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The City Needs Bill de Blasio

The upcoming mayoral election in New York is an election I feel genuinely excited about. The election itself is actually quite uninteresting—Quinnipiac has Democrat Bill de Blasio leading Republican Joe Lhota by 50 points in the polls. However, I believe that Bill de Blasio, very likely our next mayor, is going to work to bring much needed change to New York City.

One of the primary motifs surrounding de Blasio’s campaign is the idea of there being “two New Yorks.” The income gap in the city is staggering. According to US Census data, the Upper East Side of Manhattan, famous for its art museums, luxurious, obscenely priced high-rises, and home to current Mayor Michael Bloomberg, has a yearly median household income well into the $200,000 range. Life there can seem like a page ripped out of F. Scott Fitzgerald’s The Great Gatsby. Children play in the parks while parents sip lattés on the side.

But just a few blocks North, is the neighborhood of East Harlem, one of America’s most notoriously depressed neighborhoods. This predominantly black neighborhood boasts a yearly median income in the $20,000 range, a tenth of their neighbors to the South. A significant number of residents live in ugly, brown housing projects, and the neighborhood is riddled with crime, drug trafficking, and prostitution. Those parents from the Upper East Side would not dare leave their children alone in Harlem—and rightly so.

For the past 20 years, under the administrations of Rudy Giuliani and Michael Bloomberg, this conversation has been widely ignored, and now Bill de Blasio is bringing it to the forefront. Recently, the city seems to have flourished. Crime has dropped exponentially—in all neighborhoods. The streets are cleaner; parks have sprung up all over the place. The subways, once infamous for muggings and intolerable heat, are now rideable (most of the time). This view, however, is a gross oversimplification. 

Crime has dropped, but that may be due to policy like stop-and-frisk, which is questionable at best and racist at worst, in addition to the NYPD’s open profiling of Muslims and other minorities. Even if one were to argue that the NYPD’s policies are justified from both a legal and ethical point of view, the fact that a young black man living in New York City knows that at any given moment on his way home from school he could, and likely will, be randomly “frisked” and publicly humiliated creates an “us-versus-them” culture. The feeling becomes that the police are the bad guys, which drives people to join gangs.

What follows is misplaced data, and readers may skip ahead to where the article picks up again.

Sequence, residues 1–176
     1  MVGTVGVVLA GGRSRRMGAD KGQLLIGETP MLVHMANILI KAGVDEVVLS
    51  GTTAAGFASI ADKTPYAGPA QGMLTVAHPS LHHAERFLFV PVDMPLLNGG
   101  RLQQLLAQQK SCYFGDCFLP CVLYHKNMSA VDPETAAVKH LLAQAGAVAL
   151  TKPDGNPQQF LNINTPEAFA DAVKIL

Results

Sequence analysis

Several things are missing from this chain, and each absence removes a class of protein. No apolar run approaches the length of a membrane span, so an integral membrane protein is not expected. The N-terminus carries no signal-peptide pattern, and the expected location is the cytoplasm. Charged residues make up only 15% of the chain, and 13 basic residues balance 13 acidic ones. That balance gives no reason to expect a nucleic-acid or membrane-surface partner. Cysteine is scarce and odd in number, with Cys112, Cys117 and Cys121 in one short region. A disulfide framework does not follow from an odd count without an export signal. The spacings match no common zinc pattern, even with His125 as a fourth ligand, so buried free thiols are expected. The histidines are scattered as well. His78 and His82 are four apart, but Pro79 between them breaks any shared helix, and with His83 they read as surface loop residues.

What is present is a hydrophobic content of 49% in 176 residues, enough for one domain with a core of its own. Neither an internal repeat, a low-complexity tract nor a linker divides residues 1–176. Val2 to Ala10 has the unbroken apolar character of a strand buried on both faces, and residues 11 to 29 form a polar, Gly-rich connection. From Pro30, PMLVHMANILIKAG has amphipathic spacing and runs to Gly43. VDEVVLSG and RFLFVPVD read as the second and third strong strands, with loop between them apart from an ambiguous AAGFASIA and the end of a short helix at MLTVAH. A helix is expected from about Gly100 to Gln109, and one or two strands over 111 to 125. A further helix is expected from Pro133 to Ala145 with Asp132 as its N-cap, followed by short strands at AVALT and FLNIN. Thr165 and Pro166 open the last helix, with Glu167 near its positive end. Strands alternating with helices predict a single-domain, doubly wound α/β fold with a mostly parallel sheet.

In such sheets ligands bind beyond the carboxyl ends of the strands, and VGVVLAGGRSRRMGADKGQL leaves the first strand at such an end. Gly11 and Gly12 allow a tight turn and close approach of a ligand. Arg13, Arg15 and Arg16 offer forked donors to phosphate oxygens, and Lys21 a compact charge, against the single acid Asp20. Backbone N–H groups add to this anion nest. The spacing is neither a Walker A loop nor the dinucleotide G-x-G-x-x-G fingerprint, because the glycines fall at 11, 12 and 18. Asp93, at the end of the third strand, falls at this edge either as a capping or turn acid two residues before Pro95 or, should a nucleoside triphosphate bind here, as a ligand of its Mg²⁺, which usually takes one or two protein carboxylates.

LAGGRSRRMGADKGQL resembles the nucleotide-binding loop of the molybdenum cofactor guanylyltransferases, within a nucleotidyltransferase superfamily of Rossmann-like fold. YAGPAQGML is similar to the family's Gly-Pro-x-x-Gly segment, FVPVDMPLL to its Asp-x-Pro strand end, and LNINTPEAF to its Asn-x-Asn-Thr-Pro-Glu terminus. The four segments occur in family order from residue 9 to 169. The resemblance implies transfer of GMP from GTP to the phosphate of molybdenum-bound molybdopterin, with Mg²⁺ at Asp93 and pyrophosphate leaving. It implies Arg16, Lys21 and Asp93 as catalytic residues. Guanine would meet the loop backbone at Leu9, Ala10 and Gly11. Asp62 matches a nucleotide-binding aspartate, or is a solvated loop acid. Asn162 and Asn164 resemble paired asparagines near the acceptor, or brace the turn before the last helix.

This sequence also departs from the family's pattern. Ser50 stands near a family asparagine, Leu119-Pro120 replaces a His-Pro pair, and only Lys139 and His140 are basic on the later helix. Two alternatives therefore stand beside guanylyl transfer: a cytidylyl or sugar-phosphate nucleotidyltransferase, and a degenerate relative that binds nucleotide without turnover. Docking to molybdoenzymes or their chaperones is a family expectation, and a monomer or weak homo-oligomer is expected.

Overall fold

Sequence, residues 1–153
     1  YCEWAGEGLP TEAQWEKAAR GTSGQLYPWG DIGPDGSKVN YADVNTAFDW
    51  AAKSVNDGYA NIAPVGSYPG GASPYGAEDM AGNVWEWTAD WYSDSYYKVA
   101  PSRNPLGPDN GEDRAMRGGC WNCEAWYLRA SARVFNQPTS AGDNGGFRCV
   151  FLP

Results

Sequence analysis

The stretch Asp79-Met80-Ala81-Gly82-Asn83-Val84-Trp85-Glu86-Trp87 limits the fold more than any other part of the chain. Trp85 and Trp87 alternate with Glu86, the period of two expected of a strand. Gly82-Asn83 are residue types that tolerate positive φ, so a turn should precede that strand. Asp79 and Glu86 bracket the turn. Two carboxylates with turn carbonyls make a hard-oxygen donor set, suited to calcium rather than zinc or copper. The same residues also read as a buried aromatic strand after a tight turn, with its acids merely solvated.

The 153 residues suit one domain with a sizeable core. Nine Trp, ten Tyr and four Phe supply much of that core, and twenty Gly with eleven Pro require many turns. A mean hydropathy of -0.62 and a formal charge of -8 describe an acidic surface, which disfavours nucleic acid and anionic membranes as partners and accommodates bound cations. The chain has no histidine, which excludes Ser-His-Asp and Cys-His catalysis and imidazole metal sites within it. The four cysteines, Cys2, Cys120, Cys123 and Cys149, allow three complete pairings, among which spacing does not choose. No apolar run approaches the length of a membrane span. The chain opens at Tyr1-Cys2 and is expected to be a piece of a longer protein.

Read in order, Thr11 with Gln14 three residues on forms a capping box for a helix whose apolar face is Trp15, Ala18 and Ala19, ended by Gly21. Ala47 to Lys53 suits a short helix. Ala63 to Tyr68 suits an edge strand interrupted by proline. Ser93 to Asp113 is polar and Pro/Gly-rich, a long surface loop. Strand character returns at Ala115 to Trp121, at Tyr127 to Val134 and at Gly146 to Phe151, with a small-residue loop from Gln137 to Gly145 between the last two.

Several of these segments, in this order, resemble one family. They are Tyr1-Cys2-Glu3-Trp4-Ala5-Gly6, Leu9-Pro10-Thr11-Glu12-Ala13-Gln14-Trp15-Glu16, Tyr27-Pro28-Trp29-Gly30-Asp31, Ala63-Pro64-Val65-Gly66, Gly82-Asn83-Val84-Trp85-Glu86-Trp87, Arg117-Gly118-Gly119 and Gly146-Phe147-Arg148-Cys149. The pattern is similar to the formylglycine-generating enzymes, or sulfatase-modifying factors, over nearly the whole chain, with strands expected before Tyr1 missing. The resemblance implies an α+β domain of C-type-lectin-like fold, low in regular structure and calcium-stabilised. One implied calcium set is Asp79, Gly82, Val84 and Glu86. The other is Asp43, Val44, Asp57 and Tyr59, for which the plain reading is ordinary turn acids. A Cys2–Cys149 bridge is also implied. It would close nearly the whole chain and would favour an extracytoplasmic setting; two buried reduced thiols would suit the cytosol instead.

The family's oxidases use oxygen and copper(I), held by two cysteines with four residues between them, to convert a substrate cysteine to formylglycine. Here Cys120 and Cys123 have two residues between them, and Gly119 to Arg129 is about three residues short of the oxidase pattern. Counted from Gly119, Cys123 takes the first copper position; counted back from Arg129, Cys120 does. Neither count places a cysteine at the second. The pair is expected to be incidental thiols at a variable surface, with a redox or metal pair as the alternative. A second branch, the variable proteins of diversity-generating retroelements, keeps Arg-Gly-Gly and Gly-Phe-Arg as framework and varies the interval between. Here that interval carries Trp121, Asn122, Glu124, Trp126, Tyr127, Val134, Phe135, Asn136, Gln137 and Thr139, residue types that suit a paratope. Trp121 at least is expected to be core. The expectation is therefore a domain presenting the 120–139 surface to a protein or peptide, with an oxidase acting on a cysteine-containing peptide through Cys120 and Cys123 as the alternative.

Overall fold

Even worse is that minorities are more likely to be arrested for minor infractions (such as marijuana possession) than their white counterparts. According to the NY Civil Liberties Union nine out of ten people stopped by the NYPD are black or Latino, despite the fact that there is no evidence that shows that blacks, whites, or Latinos use marijuana at different rates. These questionable policies only work to further push aside the already underprivileged minority class in New York City. 

The truth is, that at Yeshiva University, all we have to do is look out of our windows to see the “two cities” phenomenon first hand. Washington Heights is simply not the beautiful neighborhood it could be. The streets are littered with trash and dog feces. Loud music blasts from cars and apartments. Walking down St. Nicholas Avenue, I am accosted by unlicensed vendors trying to sell me rancid meats, pets, underwear, and illegal knock-off designer jewelry and purses. There are no major museums in the area, and no movie theaters. There is only one Starbucks, for crying out loud! The smell of marijuana laces many side streets. Maybe worst of all, though,  the public schools are in total disarray. I tutor at a local school where I teach 15 year old students basic arithmetic as their teacher sits at his desk and lets the students look up guns on during class (true story). Even armed guards have trouble policing these schools. Imagine any of this happening on the Upper West Side or SoHo. I certainly cannot. Washington Heights is a pristine example of a neighborhood that was ignored and left in the dust during the “glory days” of Giuliani and Bloomberg.